Following the recommendations of the World Health Organisation (World Health Organisation, 2020a), at the beginning of the pandemic, state and municipal governments in Brazil adopted the lockdown of non-essential services (G1, 2020; Magenta, 2020). The Brazilian federal government, however, has positioned itself against the lockdown, as well as individuals and groups from the business sector, perceiving that the slowdown of economic activity was harming their interests (Dantas, 2020). Prominent politicians and businesspersons have declared that the economy could not stop even at the cost of human lives (Campos, 2020).
We collected data for this study from the 26th of April to the 9th of May 2020. We started the procedure 40 days after the recording of the first death in Brazil caused by COVID-19 (on the 17th of March) and 40 to 46 days after the implementation of lockdown measures by the initiative of Brazilian states (G1, 2020; Magenta, 2020). There was no unified national lockdown strategy (Magenta, 2020). In most places, only services considered essential could remain open. The measures included the closing down of schools, universities, services, and commerce in general (G1, 2020). Non-essential services remained closed until the end of the period of data collection.
The period of data collection for this study corresponds to the beginning of the ‘first wave’ of infections in Brazil. The country registered 12,400 coronavirus-related deaths on the 12th of May (Magenta, 2020). Around the same period, on the 8th of May, Italy, for example, registered 30,200 deaths (BBC, 2020). Brazil went on to be one of the worst affected countries in the world, with the second-largest number of coronavirus-related deaths (after the USA), with 209,847 deaths reported on the 15th of January 2021 (BBC, 2021).
The Current Study
Studies on social representations and COVID-19 have focused on the construction of representations in the media and social media (Apostolidis et al., 2020; Justo et al., 2020; Páez & Pérez, 2020). The current study contributes to this growing literature focusing on the in-depth analysis of the representations constructed by a particular group and their ideological implications. It aimed to understand the social representations of COVID-19 constructed by middle-class Brazilian adults. The focus on the ideological implications may be particularly important in the present case, in which the pandemic has been heavily politicised worldwide and in Brazil (Apostolidis et al., 2020; Justo et al., 2020). This focus may also contribute to the theoretical articulation of the concepts of social representations and ideology, which may be useful for political psychology and social critique (Howarth et al., 2014).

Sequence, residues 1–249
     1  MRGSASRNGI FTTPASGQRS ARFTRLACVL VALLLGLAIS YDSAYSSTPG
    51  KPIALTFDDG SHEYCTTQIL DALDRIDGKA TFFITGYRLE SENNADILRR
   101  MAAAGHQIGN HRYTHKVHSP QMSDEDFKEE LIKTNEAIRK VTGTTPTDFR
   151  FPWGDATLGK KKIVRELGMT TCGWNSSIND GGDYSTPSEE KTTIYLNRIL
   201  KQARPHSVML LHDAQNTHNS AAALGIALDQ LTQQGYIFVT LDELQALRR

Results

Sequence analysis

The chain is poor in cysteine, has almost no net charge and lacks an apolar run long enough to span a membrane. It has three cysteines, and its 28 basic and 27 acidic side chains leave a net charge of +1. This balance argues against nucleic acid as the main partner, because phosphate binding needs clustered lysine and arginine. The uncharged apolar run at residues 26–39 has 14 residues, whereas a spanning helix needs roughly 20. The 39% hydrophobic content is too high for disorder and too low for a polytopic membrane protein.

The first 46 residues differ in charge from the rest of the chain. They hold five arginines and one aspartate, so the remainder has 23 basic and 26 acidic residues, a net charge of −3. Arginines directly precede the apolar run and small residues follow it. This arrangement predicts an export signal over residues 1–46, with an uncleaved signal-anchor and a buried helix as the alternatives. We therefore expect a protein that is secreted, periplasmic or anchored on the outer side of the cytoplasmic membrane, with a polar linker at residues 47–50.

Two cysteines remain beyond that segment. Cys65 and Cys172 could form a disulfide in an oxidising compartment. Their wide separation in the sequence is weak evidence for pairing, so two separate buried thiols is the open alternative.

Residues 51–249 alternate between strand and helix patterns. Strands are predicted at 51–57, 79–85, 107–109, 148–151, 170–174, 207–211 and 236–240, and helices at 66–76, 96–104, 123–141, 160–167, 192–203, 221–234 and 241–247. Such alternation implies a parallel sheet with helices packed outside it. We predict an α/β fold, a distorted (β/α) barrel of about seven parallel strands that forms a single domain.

We adopted a qualitative approach and limited the number of participants to allow an in-depth exploration of their beliefs about COVID-19 (Snape & Spencer, 2003). We used snowball sampling to recruit participants (Ritchie et al., 2003). We initially aimed to conduct twelve interviews, considering that the in-depth analyses of this number of interviews would suffice to reveal important features of the theories of common sense about COVID-19 and their ideological implications. Due to characteristics of the snowball sampling, one more interview was conducted, giving a final sample size of thirteen. All were Brazilian adults living in small cities in the Brazilian Southeast. The recruitment of participants followed criteria of gender, age, and social class. We ensured an equivalent distribution of participants regarding gender and age, as shown in Table 1.
|Gender||30 to 55 years old||65 years old or older|